Skeptics has a similar property that it's very difficult to write adequate answers, but at least there the notion of what's a sub-par answer is built right into the site concept, and they're up-front about the fact that the whole site is not for people who don't want to read and write that sort of answer. RPG tries to be for all playstyles but it does this in effect by filtering questions by playstyle and then yelling at each other over any doubt concerning the boundaries of the filter.
I feel like what people really want, and that the RAW tag only approximates, is to recommend some sort of "same page tool" before even sitting down to ask and answer a question together, as if neither roleplaying nor RPG.SE can be a tolerant compromise. Does it really have to be the case that you agree with each other up-front or you're doomed, and it's expected that all disagreements should result in irreparable schisms? This relates to what LegendaryDude says about criticisms of each other's badwrongfun being endemic in the hobby.
I'm pretty sure that from the outside it's not at all obvious:
- why these different playstyles render so many answers fundamentally useless to those in a different camp from the writer
- why this tag needs to be somehow procedurally different from other tags identifying the context of a question, for example particular games. After all, there aren't continual rows and policing initiatives about people answering D&D questions with GURPS rules, the temptation to disagree seems not to exist in that case.
- why people feel the need for the tag to be aggressively policed and even aggressively meta-policed (i.e. not just the tag itself is seen to need to be taken firmly in hand by mods and others, so are discussions of it). What about this site that means the mods even have to contemplate aggressively deleting answers because a tag on the question means the answers are wrong. What other SE sites need this kind of mod activity? Is the problem genuinely that people who want to know what the D&D rules say about 0 max HP cannot get answers to that question without the protection of an enclave created by site policy and aggressive moderator enforcement? Is the problem that people have different ideas about how the site should be curated (for example that RAW answers and house-rule answers must never mix on the same question)? Is that unless the site can reach and enforce a definition of RAW, the public are so determined that this site must be perfectly curated without visible disagreement, that they won't allow questions about published rules at all (like the death of game-rec) and would rather get rid of them than allow them to exist with inappropriate answers? Is it mostly personal antipathy and playstyle advocacy, and question/answers themselves don't really have anything to do with it? I don't know, but maybe someone does.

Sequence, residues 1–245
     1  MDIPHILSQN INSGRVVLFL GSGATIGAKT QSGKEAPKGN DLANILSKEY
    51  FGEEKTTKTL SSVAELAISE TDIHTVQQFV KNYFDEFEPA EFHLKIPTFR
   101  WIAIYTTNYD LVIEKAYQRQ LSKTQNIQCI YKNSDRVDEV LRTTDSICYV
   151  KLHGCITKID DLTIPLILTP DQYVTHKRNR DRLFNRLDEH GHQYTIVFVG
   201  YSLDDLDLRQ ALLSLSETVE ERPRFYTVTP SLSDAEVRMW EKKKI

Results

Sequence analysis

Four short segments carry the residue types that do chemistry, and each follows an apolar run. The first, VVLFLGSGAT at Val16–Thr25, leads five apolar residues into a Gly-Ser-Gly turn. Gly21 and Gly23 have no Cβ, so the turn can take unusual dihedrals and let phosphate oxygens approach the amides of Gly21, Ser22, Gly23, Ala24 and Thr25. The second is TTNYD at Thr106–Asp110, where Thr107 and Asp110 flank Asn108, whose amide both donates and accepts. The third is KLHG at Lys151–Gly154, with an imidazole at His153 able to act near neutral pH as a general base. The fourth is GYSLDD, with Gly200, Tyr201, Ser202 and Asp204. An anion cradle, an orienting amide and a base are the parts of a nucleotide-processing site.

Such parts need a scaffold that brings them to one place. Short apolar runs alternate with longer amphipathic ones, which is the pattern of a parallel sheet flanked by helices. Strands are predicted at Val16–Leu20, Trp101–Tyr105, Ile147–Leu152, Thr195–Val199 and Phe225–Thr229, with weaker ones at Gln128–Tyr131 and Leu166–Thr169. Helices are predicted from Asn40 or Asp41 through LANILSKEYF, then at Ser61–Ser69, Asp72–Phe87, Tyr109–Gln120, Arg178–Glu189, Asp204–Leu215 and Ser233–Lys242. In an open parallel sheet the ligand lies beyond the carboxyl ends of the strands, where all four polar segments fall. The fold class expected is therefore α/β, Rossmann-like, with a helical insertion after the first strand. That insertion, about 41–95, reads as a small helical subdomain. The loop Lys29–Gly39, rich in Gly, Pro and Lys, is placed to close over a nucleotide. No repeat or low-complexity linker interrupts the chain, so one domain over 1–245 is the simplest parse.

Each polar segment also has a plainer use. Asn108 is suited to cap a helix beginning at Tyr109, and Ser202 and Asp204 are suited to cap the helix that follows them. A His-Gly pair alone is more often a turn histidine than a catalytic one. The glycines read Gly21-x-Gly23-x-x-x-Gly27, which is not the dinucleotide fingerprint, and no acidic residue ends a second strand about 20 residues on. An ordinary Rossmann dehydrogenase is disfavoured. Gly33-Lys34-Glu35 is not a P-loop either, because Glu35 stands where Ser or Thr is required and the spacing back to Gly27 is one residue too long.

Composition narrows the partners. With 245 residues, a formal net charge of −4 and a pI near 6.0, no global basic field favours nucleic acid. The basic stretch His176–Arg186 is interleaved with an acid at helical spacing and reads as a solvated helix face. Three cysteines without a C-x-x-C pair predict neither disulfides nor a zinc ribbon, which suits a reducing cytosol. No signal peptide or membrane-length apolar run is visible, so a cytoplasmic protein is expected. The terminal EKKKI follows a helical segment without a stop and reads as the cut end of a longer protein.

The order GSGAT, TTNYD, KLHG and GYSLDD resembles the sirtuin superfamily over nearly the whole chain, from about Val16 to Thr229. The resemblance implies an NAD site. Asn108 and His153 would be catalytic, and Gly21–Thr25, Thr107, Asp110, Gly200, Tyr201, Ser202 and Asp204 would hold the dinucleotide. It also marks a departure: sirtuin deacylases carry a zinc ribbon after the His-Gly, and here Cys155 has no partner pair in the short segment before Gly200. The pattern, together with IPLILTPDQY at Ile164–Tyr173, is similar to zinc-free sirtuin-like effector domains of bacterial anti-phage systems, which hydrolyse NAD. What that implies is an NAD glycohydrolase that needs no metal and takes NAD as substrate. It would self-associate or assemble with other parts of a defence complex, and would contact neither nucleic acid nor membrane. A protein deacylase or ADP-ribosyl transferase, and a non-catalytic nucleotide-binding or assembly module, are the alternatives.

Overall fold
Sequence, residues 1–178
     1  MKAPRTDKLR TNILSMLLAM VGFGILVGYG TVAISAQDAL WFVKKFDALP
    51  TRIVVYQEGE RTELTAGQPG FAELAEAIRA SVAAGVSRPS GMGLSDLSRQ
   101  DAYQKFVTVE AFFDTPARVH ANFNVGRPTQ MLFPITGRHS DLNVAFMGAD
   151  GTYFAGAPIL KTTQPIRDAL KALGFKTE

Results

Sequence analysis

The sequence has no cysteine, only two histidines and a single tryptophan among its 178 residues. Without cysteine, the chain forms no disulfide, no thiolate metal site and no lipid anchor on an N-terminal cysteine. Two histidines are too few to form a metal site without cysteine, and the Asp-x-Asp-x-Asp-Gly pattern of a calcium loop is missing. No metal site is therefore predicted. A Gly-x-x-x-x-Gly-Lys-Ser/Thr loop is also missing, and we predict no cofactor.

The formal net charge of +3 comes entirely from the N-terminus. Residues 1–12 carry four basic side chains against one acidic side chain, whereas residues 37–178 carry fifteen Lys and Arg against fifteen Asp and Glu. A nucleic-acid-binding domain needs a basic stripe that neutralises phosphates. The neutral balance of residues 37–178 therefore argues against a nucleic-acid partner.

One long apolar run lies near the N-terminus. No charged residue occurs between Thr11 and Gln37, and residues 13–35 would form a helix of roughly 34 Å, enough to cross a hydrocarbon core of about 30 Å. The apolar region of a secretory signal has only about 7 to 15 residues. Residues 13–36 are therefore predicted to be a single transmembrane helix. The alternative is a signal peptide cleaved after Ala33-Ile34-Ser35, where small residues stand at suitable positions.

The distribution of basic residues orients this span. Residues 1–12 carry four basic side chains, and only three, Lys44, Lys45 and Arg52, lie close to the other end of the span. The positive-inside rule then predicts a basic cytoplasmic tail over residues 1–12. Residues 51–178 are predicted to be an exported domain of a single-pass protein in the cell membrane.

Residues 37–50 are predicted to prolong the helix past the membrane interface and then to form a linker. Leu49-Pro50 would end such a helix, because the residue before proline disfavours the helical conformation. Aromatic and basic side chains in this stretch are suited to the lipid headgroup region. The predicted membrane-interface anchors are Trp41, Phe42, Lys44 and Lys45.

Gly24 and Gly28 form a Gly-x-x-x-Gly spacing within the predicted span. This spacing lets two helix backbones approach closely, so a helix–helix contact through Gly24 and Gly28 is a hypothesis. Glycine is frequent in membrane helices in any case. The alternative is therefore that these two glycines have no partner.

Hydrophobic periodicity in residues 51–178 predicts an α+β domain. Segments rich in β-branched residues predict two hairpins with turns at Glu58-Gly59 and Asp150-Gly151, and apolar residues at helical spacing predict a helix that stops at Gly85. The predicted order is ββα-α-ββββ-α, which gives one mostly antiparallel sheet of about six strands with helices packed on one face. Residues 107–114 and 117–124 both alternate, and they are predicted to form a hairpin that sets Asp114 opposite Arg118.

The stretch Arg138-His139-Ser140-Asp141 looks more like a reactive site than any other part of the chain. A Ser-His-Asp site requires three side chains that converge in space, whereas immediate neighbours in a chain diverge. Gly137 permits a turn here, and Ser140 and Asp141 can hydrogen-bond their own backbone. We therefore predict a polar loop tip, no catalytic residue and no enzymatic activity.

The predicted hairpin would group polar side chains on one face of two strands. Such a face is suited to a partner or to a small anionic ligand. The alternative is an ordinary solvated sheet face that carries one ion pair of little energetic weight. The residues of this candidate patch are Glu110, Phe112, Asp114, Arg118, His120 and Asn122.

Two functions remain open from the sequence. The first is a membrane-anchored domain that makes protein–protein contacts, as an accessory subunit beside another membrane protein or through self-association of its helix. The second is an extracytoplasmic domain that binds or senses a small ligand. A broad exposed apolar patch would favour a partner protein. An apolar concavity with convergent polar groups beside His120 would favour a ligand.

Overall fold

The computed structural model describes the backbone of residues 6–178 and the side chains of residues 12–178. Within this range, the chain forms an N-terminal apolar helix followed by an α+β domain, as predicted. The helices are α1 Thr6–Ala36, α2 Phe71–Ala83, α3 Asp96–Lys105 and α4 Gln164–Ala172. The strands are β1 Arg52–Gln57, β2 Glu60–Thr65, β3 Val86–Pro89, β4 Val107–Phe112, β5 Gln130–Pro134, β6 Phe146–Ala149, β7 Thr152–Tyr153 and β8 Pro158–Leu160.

- why this division can't be handled by people just naturally ignoring stuff that's not relevant to them (for example, why are people so strongly drawn to answering RAW questions by saying, "the rules are ambiguous or incomplete, but of the plausible interpretations I find the following most practical", drawing accusations of presenting house rules, instead of just not answering RAW questions, or saying "the rules here aren't good enough to answer you question" and leaving that to be voted against rival answers who think the rules do answer the question).
- why people are both upset and hostile about consequences of the whole issue.
I'm not saying this is a mod problem, I'm saying it's a situation which is nigh-on un-moderatable and therefore predictably spawns some problems between mods and users as well as between users.